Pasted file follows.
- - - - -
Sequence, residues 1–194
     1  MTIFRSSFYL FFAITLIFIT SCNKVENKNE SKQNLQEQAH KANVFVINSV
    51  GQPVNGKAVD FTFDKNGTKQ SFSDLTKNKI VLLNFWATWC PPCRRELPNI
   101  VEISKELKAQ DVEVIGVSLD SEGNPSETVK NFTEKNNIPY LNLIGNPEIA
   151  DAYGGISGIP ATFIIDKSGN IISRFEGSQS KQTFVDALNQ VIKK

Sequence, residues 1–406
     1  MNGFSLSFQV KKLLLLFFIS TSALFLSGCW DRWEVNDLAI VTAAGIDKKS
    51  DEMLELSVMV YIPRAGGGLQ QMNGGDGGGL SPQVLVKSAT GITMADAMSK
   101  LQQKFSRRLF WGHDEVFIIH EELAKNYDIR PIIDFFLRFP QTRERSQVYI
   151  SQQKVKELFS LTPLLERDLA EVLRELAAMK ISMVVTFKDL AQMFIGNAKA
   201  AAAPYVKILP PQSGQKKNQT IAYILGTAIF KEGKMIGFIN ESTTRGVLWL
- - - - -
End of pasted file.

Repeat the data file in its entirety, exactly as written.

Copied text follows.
Sequence, residues 1–194
     1  MTIFRSSFYL FFAITLIFIT SCNKVENKNE SKQNLQEQAH KANVFVINSV
    51  GQPVNGKAVD FTFDKNGTKQ SFSDLTKNKI VLLNFWATWC PPCRRELPNI
   101  VEISKELKAQ DVEVIGVSLD SEGNPSETVK NFTEKNNIPY LNLIGNPEIA
   151  DAYGGISGIP ATFIIDKSGN IISRFEGSQS KQTFVDALNQ VIKK

Sequence, residues 1–406
     1  MNGFSLSFQV KKLLLLFFIS TSALFLSGCW DRWEVNDLAI VTAAGIDKKS
    51  DEMLELSVMV YIPRAGGGLQ QMNGGDGGGL SPQVLVKSAT GITMADAMSK
   101  LQQKFSRRLF WGHDEVFIIH EELAKNYDIR PIIDFFLRFP QTRERSQVYI
   151  SQQKVKELFS LTPLLERDLA EVLRELAAMK ISMVVTFKDL AQMFIGNAKA
   201  AAAPYVKILP PQSGQKKNQT IAYILGTAIF KEGKMIGFIN ESTTRGVLWL